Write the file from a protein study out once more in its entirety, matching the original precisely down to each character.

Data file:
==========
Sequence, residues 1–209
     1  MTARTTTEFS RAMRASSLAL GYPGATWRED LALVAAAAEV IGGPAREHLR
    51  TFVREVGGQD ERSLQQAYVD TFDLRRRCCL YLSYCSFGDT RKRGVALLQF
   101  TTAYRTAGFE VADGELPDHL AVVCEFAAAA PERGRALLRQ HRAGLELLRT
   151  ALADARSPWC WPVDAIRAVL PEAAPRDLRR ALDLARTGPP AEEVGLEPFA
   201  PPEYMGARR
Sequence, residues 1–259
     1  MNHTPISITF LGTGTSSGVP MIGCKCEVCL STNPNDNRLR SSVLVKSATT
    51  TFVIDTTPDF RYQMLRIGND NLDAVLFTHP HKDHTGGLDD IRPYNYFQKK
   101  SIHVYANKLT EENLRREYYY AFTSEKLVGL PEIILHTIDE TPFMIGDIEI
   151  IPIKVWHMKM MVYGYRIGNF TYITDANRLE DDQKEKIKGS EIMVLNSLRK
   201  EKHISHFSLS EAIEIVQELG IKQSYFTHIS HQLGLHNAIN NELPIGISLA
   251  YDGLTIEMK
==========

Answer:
Sequence, residues 1–209
     1  MTARTTTEFS RAMRASSLAL GYPGATWRED LALVAAAAEV IGGPAREHLR
    51  TFVREVGGQD ERSLQQAYVD TFDLRRRCCL YLSYCSFGDT RKRGVALLQF
   101  TTAYRTAGFE VADGELPDHL AVVCEFAAAA PERGRALLRQ HRAGLELLRT
   151  ALADARSPWC WPVDAIRAVL PEAAPRDLRR ALDLARTGPP AEEVGLEPFA
   201  PPEYMGARR
Sequence, residues 1–259
     1  MNHTPISITF LGTGTSSGVP MIGCKCEVCL STNPNDNRLR SSVLVKSATT
    51  TFVIDTTPDF RYQMLRIGND NLDAVLFTHP HKDHTGGLDD IRPYNYFQKK
   101  SIHVYANKLT EENLRREYYY AFTSEKLVGL PEIILHTIDE TPFMIGDIEI
   151  IPIKVWHMKM MVYGYRIGNF TYITDANRLE DDQKEKIKGS EIMVLNSLRK
   201  EKHISHFSLS EAIEIVQELG IKQSYFTHIS HQLGLHNAIN NELPIGISLA
   251  YDGLTIEMK